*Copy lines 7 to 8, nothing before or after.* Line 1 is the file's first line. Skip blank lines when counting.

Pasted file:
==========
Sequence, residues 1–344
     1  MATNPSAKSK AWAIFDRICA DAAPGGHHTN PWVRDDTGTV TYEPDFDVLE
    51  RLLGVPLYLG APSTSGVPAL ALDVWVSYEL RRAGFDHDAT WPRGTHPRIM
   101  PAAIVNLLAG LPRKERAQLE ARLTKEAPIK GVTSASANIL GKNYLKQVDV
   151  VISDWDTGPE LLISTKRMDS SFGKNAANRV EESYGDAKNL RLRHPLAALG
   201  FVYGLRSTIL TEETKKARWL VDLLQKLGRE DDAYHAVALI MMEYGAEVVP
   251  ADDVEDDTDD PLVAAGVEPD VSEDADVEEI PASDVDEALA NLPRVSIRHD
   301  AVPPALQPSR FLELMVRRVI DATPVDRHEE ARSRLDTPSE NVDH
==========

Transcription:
   251  ADDVEDDTDD PLVAAGVEPD VSEDADVEEI PASDVDEALA NLPRVSIRHD
   301  AVPPALQPSR FLELMVRRVI DATPVDRHEE ARSRLDTPSE NVDH